The Honor Flight: A provocative reminder of the unharnessed talent available in the market

Earlier this week, I had the distinct privilege of accompanying my 95-year old Dad, a WWII navy officer, on the annual Honor Flight from Atlanta, GA to Washington D.C. The Honor Flight is a fully funded trip for veterans of WWII, Korea and Vietnam to our nation’s capital for a full day of fanfare, War Memorial tours, and celebration of their critical role in our country’s freedom.  The day proved to be an unforgettable tribute to my Dad and a reminder to me of the talented men and women who have worn our nation’s colors and served the flag with distinction and grace.

While many of the 80 veterans on my flight were well past their working years, our conversations about their various military roles reinforced in my mind the prominence and transferability of so many skills which lie dormant as our veterans often search for pathways into the private sector. The trip reminded me that we as a nation must take responsibility for helping our veterans, particularly those who are transitioning from recent assignments back into the work force, build the career networks they need and identify the career options that lie before them. Many of these individuals do not know how to start the process, how to build a resume, how to assess their own potential and how to connect with the right people.

Here’s the good news … these men and women are members of the greatest military force on the planet, and they bring to the marketplace an enormously strong and unharnessed set of skills that can help so many organizations excel and grow. Many veterans are perhaps too humble to advocate for themselves or laud their awesome accomplishments, so we must find opportunities to be their voice. We must find organizational roles through which they can apply their unwavering military discipline, their rock-solid values, their prolific technical competencies, and their tested people skills in crisis leadership, team development, decision-making, problem solving, and others.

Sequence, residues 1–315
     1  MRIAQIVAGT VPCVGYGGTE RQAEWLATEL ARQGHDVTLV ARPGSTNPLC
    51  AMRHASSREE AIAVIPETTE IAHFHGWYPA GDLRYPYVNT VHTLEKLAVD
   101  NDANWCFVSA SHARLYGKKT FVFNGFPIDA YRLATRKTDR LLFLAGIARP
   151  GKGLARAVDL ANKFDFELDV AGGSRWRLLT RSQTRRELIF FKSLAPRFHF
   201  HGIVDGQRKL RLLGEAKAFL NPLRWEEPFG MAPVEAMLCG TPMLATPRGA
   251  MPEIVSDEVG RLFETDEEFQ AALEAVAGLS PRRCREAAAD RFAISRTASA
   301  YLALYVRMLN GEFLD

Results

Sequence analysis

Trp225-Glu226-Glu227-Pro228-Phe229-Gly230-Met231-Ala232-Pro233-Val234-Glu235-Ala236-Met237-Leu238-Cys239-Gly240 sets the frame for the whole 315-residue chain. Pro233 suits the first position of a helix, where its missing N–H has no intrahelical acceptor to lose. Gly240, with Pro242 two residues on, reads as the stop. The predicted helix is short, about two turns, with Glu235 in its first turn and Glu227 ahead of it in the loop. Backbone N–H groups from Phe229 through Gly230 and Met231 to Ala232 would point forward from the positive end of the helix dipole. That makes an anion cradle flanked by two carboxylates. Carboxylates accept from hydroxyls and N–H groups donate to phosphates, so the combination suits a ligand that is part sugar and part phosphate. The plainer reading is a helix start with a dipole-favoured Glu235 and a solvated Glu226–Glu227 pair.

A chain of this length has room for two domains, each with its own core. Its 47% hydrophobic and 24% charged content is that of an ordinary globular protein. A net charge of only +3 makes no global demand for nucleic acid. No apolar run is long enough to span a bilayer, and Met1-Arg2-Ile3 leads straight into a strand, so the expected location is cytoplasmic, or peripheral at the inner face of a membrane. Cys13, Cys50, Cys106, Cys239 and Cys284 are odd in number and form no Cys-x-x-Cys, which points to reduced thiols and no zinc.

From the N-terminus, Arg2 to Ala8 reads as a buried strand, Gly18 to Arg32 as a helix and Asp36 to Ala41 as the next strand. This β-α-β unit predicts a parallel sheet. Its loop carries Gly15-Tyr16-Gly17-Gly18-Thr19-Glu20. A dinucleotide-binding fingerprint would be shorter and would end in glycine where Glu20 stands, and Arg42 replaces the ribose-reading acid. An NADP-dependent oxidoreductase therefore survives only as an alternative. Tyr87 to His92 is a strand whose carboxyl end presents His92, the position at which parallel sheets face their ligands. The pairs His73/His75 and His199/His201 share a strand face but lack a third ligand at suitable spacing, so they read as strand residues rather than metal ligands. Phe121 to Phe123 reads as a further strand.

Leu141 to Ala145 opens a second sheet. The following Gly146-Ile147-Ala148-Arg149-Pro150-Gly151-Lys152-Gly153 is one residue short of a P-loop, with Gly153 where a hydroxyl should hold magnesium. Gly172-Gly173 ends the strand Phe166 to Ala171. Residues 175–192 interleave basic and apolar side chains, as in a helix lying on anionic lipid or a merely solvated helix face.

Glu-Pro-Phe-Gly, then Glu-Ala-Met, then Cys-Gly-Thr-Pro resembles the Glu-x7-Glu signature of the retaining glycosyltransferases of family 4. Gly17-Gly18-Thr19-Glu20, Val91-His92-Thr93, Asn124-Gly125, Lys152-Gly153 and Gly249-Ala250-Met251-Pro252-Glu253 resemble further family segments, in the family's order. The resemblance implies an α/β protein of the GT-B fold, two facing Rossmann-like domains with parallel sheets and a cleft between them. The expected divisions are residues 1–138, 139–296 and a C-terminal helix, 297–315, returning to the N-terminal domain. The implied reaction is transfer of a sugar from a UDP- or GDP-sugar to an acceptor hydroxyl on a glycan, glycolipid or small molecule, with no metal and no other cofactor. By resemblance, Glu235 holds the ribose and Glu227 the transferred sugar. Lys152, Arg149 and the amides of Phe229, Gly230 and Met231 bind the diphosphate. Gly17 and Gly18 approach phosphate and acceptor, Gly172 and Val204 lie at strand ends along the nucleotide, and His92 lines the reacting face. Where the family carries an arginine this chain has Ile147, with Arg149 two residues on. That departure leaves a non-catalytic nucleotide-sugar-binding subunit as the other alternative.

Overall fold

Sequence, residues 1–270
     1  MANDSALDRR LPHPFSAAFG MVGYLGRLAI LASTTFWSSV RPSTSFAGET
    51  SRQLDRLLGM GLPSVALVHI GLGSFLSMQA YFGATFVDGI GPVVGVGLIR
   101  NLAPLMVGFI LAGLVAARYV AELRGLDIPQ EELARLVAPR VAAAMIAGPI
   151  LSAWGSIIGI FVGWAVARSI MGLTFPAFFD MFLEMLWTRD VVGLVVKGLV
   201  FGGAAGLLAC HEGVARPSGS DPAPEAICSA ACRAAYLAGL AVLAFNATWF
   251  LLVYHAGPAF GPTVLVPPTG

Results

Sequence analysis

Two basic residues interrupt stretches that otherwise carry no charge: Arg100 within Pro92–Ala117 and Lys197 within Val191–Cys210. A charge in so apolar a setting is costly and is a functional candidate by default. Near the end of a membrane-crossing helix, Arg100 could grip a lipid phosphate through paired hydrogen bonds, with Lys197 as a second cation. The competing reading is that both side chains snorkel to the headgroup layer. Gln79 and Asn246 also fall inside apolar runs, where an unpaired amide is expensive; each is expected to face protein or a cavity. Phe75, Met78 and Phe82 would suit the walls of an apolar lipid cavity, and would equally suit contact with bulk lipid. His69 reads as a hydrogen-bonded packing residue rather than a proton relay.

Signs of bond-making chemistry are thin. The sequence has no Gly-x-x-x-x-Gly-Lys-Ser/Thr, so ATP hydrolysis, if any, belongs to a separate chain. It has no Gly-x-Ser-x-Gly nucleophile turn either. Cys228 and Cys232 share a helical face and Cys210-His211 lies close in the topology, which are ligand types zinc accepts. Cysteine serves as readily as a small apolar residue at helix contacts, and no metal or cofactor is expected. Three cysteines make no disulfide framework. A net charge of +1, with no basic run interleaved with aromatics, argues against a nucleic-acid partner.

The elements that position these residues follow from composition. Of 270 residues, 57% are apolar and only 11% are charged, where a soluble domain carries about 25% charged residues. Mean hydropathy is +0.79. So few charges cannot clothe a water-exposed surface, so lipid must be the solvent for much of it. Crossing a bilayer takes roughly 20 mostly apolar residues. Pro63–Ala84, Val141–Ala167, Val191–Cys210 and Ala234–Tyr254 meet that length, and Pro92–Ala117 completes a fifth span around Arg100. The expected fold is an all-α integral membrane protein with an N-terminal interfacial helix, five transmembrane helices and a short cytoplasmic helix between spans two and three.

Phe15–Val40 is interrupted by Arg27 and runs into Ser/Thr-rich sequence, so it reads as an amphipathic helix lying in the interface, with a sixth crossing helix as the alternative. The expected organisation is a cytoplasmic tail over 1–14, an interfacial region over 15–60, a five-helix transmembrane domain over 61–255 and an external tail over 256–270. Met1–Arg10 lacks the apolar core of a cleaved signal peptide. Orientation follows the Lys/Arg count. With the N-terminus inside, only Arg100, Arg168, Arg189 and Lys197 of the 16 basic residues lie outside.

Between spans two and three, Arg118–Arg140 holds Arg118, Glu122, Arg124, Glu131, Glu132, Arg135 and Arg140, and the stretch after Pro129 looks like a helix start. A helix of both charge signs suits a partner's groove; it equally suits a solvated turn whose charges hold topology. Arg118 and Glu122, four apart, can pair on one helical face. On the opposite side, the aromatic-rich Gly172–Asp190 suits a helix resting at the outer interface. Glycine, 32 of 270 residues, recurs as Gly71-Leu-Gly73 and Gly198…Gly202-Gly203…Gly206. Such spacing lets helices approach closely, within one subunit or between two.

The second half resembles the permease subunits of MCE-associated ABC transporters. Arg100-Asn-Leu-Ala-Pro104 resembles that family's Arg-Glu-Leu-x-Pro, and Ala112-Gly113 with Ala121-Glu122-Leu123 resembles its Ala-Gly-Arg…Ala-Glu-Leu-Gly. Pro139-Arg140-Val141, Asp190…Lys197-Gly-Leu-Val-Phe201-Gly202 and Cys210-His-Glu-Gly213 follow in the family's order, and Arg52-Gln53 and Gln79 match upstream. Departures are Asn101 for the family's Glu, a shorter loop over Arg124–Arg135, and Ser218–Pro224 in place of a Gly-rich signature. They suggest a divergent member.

Across our great land there are veterans who are reaching out for ideas that can help bridge their transition from military service to civilian service. All industry and company leaders battling for competitive advantage should look thoughtfully and creatively at the impressive profile of talent available to them. These men and women represent tremendous potential for our future, and our gracious assistance is the right thing to do for those who have walked in harms way.

Lighthouse Consulting is a proud advisor to ACP AdvisorNet, a non-profit organization on a mission to assist our returning military find their next career.

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